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Posted 23 February 2012 - 07:41 AM

I've never been on a site which has had a field biologist inspection less than 4 times a year, 4 times a year, IME is really typical! A field biologist generally is more knowledgable regarding pest species and prevention than a technologist


Hello GMO,

Things are likely very different here.
I have to say that I only come in few companies(<10) that contracted pest controller to perform these inspection annually and I know only one company that has performed it 4 times a year. This company stopped with this high frequency, because they were not able to solve the action ithin the 3 months time frame.

Let me tel you first, that i come only in 'wet' industry: meat, meat production, fish, fish production, ready to eat meals/salads, snacks, canned pet food, produce and
prepared fruits/vegetables. I have no knowledge/experience from dry food companies. Maybe this make the difference.

I am also not quite sure what you mean by field biologist inspection. I suppose it is, what I have described in a previous post in this thread.
In general the companies I visit have a contracted pest controller (I have no customers wich employs onw pest controller). The contracted pest controller conducts 8 to 12 times a year an inspection. Follow ups are done if needed. Circa 40% of my customers contract the pest controller to do a hygiene inspection annually. If no infestation occurres. I do not see the need to conduct such an inspection 4 times a year. Esspecially when most organisations are not doing this at all at the moment and do not have any problems.

So, rather we are talking about different inspections or we are operating in different industries or we just have different opinions/experience about this issue.
I am really interested to hear from other members in other regions how pest control inspections and survey requirements are filled and if this is sufficient.

Kind Regards,

Madam A. D-tor

Madam A. D-tor

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Posted 23 February 2012 - 08:56 AM

Dear GMO,

I have just read another thread about this requirement: http://www.ifsqn.com...-expert-survey/ and I am now concluding that this is indeed a specific Britisch thing, which is not applied as such in other parts of the world.
I am sorry for my harsh words in above post.


Kind Regards,

Madam A. D-tor

GMO

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Posted 23 February 2012 - 09:07 AM

I would think as with anything on BRC, if your frequency is less often, you would have to justify it by risk assessment. I have yet to have a field biologist inspection though fail to find some proofing / pest or hygiene issue that I or the normal pest inspector have missed. Until then I'll stick with the 4 times a year.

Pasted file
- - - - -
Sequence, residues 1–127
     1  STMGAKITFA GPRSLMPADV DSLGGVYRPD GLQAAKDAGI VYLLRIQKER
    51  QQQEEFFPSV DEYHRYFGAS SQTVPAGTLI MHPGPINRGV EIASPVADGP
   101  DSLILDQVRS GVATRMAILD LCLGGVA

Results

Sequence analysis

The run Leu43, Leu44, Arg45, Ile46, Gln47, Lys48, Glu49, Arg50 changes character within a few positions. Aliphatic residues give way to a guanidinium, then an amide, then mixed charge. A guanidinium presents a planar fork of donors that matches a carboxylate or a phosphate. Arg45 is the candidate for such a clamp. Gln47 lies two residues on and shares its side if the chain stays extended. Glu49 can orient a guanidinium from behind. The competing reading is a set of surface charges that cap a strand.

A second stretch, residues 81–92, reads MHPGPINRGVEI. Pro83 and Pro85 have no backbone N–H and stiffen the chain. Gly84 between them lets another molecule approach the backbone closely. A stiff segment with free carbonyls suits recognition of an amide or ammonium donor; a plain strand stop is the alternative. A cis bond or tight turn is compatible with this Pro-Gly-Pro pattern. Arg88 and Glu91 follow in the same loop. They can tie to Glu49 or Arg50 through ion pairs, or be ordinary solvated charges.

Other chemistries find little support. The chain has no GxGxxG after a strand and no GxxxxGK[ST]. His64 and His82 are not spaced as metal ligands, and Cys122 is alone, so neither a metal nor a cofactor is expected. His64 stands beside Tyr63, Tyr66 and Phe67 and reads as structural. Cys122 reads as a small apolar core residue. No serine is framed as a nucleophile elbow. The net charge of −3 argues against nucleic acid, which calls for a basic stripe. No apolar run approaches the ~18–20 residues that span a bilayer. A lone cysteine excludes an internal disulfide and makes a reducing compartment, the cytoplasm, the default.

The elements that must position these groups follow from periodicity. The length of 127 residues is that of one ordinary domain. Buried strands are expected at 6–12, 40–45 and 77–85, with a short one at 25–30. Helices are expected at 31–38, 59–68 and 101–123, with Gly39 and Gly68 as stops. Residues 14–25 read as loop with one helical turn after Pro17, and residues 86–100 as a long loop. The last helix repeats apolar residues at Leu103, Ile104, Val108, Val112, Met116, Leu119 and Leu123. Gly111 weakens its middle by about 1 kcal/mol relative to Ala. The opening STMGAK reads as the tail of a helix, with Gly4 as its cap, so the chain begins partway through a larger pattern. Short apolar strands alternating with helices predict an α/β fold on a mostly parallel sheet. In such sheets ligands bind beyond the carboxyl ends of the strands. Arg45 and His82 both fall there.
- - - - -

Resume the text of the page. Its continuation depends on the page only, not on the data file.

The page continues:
Perhaps you could argue if you do have a quarterly field biologist inspection you could then reduce the technologist visits though. We have 8 technologist visits a year, 2 per quarter then the field biologist comes as the 3rd visit per quarter.



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Posted 27 March 2012 - 07:17 PM

Ah - 4:3:18...and so it goes on.

Just had an auditor tell us that the REVIEW is the critical part of this. This needed to be an undefined combination of a commentary on the trend analysis over the past 3 months, plus a minuted review of the pest control activity over the past three months.

Mind you, this was an auditor who also told us that he expected an 8-12 page report on a site that has one process line, is the cleanest site I have in my portfolio, and has not had a pest problem apart from a mouse that ran in through a door for a few years.

I struggle to get two pages of pest related items out of the inspection!

In general, the interpetation seems to be Field Biologist inspections. However, the review bit may mean more needs to be done.



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Posted 29 March 2012 - 07:12 AM

And now BRC-audit is finished - auditor did recognise our pest-surveys and trends but didn`t go into the field biologist-question as something else came along and it was forgotten.

I now have had visit of an field biologist and learned a bit about mouses and rats - 3 small changes by roofing (small holes which mouses could use to enter our ceiling). I asked if they would consider having a course and hope they will so that I could learn more of the behaviour of pests. But I think that my risk analysis will end out in having visit once a year as we never have had pests in our traps - inside or outside.



GMO

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Posted 29 March 2012 - 07:17 AM

I think all of this will depend greatly on the competence and training of your pest contractor technologists. I find that biologists find different pest risks, they advise more on housekeeping and risks and so help with prevention not just finding issues (our technologists do that but to a lesser degree). Our biologist also does machinery inspections too. If you get all of that from your technologist then fine, but I suspect most sites don't. For example, a 'typical' pest inspection will take approx 4 hours on our small site but a biologist inspection will take the whole day (and we have CCTV in the canteen so I know she's not slacking off...)



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Posted 25 April 2012 - 09:43 PM

Just had a client given a non-con on this because the REVIEW was not specified as part of the technical inspection. This is open to serious differences in interpretation. I would (and did) argue that each technical inspection is a review of what has happened since the last one, especially with trend analysis in place. However, this auditor insisted that a management review was required.

Happily, this is the only instance of this I have so far experienced, but I expect this clause to result in aome variances across our portfolio of clients.



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Posted 07 June 2012 - 11:55 PM

Does anyone know what the qualification typically are for a field biologist? sorry if this piggy backs. Remove if needed.


Edited by Bets, 07 June 2012 - 11:56 PM.